We come from documentary film and interactive game design – so in some ways, the process of trying things out and observing what happens to people as they do it has grown out of those creative disciplines. We are still quite new to VR. We always try to test often and early – with people who are fresh to the project, so we can get a good measure of how it really works, rather than how we wish it would work.
Q: VR experiences are still quite alien to most people. Is it still a challenge to make a VR project that has artistic merit and isn’t just something gimmicky?
A: Making anything at all is a huge challenge! Artistically, financially, emotionally… each project is very demanding. In a sense, what matters most about art vs gimmick is just to be honest about what you think is fun or meaningful. It’s very easy to lie to yourself in a creative process – to think that something is good because you want it to be, or to avoid the fact that actually it’s derivative or not making the most of the medium.
Multidisciplinary teams really help – where there are people whose priorities are not making a cool piece of VR but making something that moves people.
Q: I’ve read many reviews of ‘The Collider’ that spoke about the incredible impact it had on them as an individual, whether it was a ‘mindfuck’ or left them crying. Have you witnessed any standout reactions to the experience?
A: We have had a lot of different responses. Some really moved, some really awkward, some really funny… and it’s important to say that we are open to all of these – if you feel awkward, feel it! It is good fun being the stage manager operating the backstage machinery when you hear laughter and squeals – there are moments where really anything could happen, and we love it when people respond creatively.
I’m remembering a particular moment when two tall Dutch men were having a great time and squealing a lot. We are particularly touched when people relate what’s happening inside The Collider to something in their own life – and then spend time afterwards talking that over. Several people said to us that they spent many hours following the experience in the company of their partner – some of them strangers, some of them old friends. That’s really satisfying, when you feel that what you’ve made has somehow forged a connection between people.
Q: Could either of you enjoy or appreciate ‘The Collider’ experience after being so immersed in the creative process?
A: Every time we test a new tweaked version of it, we still try to dance around as much as possible! I also really love the little figurines that you make a scene with in the first part, and I wouldn’t get bored of making new scenes. It’s play – so it depends more on your mood than on whether you’ve done it before.
Q: Can you tell us about the background of Anagram and where this started for you both?
A: Anagram started because the two of us were good friends, working in documentary film and very curious about other ways we could build or tell stories. We were living in London and the immersive theatre scene was really kicking off. Of course, the music festival scene had also been a great testing bed for all sorts of strange games and activities for many years. We had never seen anything that used non-fiction though – and the first piece that we made was a big experiment in making a non-fiction interactive experience that played to the body and sensation as much as the mind and the visual.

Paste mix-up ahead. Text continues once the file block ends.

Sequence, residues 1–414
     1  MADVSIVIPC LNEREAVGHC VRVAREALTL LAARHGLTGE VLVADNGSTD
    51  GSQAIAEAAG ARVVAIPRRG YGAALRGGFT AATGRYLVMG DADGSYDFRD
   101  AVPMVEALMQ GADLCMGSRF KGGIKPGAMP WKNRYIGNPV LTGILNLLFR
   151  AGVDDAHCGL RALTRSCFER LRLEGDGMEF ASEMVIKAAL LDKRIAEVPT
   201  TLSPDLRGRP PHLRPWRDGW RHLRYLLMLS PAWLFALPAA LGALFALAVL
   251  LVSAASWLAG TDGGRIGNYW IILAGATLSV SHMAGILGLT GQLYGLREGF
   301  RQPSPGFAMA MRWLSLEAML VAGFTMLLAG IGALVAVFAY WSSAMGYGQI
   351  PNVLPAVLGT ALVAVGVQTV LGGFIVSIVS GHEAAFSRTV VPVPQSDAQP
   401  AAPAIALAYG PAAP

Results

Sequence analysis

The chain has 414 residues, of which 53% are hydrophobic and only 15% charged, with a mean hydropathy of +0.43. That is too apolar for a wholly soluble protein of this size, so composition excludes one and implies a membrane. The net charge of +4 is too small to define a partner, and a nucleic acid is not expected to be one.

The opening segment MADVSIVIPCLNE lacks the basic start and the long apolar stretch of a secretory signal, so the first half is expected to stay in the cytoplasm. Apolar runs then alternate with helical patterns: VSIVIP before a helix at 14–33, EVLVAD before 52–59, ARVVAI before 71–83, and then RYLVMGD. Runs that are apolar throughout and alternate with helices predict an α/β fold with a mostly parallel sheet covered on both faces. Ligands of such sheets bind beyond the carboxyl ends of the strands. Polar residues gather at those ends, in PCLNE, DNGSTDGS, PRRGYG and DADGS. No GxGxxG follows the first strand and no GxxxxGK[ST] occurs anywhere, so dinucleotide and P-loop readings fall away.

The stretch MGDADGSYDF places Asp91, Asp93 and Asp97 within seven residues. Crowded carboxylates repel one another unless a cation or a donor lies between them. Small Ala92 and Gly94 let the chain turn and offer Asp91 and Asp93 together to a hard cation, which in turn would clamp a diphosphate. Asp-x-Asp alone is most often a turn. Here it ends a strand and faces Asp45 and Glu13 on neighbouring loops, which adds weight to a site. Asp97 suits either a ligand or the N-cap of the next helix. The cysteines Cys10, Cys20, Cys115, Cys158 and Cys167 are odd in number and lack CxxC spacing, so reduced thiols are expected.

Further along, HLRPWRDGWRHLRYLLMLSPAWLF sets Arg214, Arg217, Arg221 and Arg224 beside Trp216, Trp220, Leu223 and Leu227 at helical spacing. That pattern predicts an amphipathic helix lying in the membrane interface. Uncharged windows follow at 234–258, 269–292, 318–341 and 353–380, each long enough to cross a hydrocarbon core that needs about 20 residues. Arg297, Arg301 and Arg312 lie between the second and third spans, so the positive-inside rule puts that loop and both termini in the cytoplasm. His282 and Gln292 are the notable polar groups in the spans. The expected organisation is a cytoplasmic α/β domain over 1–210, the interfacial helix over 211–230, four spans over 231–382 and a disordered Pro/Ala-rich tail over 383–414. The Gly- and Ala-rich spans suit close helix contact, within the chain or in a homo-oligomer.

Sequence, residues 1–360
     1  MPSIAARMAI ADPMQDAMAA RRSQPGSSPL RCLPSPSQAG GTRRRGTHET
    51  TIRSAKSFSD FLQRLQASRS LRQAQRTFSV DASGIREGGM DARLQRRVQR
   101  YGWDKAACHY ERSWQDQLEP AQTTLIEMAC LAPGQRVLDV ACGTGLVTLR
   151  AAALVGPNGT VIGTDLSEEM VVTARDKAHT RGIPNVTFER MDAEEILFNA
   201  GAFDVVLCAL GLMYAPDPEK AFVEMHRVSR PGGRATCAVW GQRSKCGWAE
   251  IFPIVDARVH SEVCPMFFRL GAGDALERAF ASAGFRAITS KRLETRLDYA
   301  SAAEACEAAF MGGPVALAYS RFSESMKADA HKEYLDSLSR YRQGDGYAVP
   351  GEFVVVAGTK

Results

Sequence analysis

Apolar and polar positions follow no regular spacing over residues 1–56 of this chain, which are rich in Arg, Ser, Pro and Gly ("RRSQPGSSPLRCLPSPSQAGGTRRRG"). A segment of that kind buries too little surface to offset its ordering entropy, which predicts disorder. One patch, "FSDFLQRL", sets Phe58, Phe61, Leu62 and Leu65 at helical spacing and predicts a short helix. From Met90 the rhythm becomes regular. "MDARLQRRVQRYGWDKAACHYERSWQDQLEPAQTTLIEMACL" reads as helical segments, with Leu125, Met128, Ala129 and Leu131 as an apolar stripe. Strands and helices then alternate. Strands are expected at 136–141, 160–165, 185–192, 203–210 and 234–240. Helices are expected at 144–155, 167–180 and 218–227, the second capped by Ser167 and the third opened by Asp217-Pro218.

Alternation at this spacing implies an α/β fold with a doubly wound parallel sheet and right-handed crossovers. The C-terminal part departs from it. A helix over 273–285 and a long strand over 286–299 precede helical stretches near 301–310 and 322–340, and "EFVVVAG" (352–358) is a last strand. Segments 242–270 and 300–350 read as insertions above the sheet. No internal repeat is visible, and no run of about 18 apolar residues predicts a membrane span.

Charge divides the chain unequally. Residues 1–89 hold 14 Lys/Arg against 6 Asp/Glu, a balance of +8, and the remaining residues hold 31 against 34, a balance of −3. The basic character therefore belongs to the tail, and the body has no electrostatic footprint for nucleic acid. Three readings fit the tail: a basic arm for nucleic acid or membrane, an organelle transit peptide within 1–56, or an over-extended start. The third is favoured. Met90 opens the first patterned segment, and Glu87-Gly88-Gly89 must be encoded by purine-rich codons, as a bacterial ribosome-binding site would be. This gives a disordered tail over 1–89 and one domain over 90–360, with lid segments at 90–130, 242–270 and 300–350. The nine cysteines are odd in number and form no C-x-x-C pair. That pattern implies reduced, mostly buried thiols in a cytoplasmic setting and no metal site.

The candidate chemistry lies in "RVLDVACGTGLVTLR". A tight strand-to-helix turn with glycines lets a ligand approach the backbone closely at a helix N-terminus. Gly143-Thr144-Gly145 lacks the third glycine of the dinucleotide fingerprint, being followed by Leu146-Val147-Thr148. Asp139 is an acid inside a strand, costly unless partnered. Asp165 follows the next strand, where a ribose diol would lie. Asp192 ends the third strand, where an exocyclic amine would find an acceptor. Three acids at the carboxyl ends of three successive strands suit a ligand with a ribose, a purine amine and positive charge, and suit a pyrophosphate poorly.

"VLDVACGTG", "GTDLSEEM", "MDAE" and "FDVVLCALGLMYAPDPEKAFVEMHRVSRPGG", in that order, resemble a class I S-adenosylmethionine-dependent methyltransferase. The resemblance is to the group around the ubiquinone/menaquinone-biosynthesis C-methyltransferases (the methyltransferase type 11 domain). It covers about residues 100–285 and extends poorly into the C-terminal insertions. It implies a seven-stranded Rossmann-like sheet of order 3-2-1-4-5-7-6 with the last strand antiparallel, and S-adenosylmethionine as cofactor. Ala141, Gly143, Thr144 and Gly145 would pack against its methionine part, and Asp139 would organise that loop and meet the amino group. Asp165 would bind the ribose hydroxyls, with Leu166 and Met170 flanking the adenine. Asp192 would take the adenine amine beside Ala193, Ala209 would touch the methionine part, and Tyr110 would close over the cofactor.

We had both been looking around for the perfect theme for an interactive piece – a theme where we could build an interactive narrative around the meaning AND physically build something – a theme that would bring form and meaning together. Rebecca Solnit’s book A Field Guide To Getting Lost was kicking around, and a few sentences really jumped out: “to be lost is to be fully present, and to be fully present is to be capable of being in uncertainty and mystery. And one does not get lost but loses oneself, with the implication that it is a conscious choice, a chosen surrender, a psychic state achievable through geography.” We became really excited by the idea of tricking people into getting lost – in a nice, gentle way – so that when they emerged out the other end of the piece, they would have had a tangible experience of the theme that the piece was exploring.
We were interested in something that would be impossible in a cinematic or listening experience; something physical, happening in time and space. These were the ideas that formed the piece Door Into The Dark – which won the Tribeca Storyscapes award and was selected for the Columbia Digital Dozen in 2015. They became the fundamental building blocks for how we operate.
Six years later, everything we make is trying to do this – to make something happen physically in mind and body, in time and space. We often use more documentary audio than is in The Collider, as we still love the rough realness of that sort of content.
Q: How do you see the VR and interactive storytelling space evolving in the coming years?
A: The big challenge for the VR space at the moment is trying to get the distribution of good, interesting work sorted out. We need to build new institutions and organisations that enable this work to be accessible to bigger audiences – and with that innovation, to develop a better financial model based on demand. Without this, the industry cannot grow or support its practitioners to continue to make good work.
There is some growth in this area currently, but the lack of a broad range of presentation opportunities is adversely affecting the small companies – like us – who are doing the real experimental work. With such a young medium, this sort of work is essential as everyone is still trying to find out what is fun and interesting to do in VR. This work won’t happen if there aren’t real, financially viable opportunities to show it to people!
Creatively, we hope that people will keep experimenting – we need to break away from the language of film and think about how the feedback loop of experience (I do this, X happens…) in VR works. The real space for growth is in new ideas for interactivity – unless it is an extraordinarily brilliant piece, it gets a bit stale when it is just used as a passive 360 solitary screening space.
We also desperately need better tools that are easier to use – as the production pipeline at the moment is irritating and slow, which prevents a broader range of creatives from getting involved. Anagram have been doing some development work in that area – watch this space!
Q: Lastly, what does it mean to you both to bring ‘The Collider’ to the 2019 Venice Film Festival?
A: It is a huge honour to be selected for the “best of 2019”, we are over the moon! We are very curious to see how Italian and European audiences respond – so far, the difference between Dutch, American and Chinese has been fascinating. Hopefully we’ll also eat some nice pasta.